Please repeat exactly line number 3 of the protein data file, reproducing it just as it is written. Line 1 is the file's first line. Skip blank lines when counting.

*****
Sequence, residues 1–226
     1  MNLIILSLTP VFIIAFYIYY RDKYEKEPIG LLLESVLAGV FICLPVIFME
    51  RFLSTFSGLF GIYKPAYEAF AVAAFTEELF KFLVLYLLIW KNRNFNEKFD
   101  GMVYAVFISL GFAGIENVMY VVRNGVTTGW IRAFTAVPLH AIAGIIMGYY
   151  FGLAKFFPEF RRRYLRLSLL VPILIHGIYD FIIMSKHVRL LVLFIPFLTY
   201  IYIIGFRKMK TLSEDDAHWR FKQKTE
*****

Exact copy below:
    51  RFLSTFSGLF GIYKPAYEAF AVAAFTEELF KFLVLYLLIW KNRNFNEKFD